Motivational and equipping functions of interpretation in counseling

S. R. Strong, C. A. Wambach, F. G. Lopez, R. K. Cooper

Research output: Contribution to journalArticlepeer-review

42 Scopus citations


Tested the hypotheses that interpretations increase clients' motivation to change and that interpretations identifying causal factors clients can directly control lead to greater client change than interpretations identifying causes clients cannot directly control. 36 students who were experiencing problems with procrastination were assigned to 1 of 12 conditions defined by 3 interview conditions and 4 interviewers. Ss received 2 interviews 1 wk apart. In one interpretation condition the interviewers worked from a causal framework of procrastination as caused by a lack of effort, poor self-discipline, and ambiguous goals. In the other interpretation condition the interviewers saw procrastination as a symptom of underlying conflicts and resentments stemming from unresolved conflict with parents. In the 3rd condition the interviewers refrained from any statements of opinion but reflected the students' ideas about the nature and causes of their procrastination. The results generally support the hypotheses. (9 ref) (PsycINFO Database Record (c) 2006 APA, all rights reserved).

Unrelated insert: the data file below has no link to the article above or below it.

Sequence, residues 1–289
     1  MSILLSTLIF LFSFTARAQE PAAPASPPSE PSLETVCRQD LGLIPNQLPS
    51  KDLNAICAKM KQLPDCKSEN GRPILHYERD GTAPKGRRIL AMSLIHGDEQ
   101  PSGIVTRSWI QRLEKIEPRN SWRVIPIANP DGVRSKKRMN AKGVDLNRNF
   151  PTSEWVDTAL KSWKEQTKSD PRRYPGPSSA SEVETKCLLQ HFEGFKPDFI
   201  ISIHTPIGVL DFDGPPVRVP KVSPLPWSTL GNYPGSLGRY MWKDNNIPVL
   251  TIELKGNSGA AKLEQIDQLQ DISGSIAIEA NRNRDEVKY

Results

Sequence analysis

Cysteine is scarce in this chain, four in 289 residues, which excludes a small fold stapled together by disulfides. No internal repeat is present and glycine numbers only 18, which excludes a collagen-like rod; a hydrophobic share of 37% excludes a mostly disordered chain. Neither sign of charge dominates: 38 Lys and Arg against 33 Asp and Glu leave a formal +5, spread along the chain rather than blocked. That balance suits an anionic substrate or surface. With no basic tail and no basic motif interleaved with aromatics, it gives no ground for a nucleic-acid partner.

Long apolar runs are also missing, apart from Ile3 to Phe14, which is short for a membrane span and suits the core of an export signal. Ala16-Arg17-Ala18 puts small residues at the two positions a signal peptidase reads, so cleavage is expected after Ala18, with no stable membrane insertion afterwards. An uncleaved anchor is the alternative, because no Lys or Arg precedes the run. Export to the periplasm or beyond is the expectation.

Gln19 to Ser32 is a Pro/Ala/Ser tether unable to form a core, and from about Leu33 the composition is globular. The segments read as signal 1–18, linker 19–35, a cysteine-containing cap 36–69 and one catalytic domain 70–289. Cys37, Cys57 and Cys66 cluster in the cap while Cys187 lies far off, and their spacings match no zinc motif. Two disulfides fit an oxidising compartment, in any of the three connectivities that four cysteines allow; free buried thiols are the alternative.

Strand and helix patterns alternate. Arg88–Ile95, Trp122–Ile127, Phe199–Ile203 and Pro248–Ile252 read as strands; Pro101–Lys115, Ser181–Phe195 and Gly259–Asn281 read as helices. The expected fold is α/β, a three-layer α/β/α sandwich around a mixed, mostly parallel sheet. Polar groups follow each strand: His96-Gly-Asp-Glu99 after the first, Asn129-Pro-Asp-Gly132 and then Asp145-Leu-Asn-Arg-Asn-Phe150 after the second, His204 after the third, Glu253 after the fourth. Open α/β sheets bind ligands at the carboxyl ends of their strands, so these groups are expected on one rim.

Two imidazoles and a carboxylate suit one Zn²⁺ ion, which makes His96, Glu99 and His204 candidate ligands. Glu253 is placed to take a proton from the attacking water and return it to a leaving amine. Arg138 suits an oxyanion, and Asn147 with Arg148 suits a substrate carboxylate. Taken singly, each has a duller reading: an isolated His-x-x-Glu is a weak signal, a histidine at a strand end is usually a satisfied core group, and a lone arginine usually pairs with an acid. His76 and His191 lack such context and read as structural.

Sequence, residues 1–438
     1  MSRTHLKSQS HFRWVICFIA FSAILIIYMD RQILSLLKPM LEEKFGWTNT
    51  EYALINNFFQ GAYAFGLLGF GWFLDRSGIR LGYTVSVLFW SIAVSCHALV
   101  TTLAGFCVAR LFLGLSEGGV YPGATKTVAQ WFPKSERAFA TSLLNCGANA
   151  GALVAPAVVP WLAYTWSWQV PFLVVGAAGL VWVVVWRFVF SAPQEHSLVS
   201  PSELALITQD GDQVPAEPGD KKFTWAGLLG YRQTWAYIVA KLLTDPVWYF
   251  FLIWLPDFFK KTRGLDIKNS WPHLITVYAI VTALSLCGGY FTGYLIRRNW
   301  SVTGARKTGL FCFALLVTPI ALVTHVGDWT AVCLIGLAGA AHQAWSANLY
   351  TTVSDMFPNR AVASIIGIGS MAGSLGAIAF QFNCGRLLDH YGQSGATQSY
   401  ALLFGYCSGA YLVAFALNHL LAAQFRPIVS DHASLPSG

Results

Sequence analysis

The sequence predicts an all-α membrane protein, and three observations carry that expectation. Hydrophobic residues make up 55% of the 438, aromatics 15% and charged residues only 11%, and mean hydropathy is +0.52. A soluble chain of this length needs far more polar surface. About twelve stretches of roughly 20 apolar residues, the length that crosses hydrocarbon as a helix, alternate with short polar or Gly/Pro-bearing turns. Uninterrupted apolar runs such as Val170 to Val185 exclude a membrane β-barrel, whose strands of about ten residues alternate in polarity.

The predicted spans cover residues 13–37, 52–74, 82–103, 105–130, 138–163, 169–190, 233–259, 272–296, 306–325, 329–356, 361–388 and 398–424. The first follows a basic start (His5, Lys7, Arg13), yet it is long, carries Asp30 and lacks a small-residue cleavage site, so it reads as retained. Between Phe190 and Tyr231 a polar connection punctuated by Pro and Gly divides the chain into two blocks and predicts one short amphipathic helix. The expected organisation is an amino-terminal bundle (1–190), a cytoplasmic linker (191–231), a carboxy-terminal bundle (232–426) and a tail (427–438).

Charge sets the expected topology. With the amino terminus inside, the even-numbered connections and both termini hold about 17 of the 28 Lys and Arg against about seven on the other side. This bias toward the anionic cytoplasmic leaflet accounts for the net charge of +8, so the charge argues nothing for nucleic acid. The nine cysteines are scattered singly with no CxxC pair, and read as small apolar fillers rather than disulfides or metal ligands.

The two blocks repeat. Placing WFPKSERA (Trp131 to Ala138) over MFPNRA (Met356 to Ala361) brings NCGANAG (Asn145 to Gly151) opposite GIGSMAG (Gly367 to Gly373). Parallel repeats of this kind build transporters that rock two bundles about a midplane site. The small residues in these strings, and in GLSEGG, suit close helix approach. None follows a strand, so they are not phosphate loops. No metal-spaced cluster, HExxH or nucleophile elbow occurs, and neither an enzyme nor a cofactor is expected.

Original languageEnglish (US)
Pages (from-to)98-107
Number of pages10
JournalJournal of Counseling Psychology
Issue number2
StatePublished - Mar 1 1979


  • interpretation identifying causal factors clients can vs cannot directly control, motivation to change & behavior change, male college students with procrastination problems


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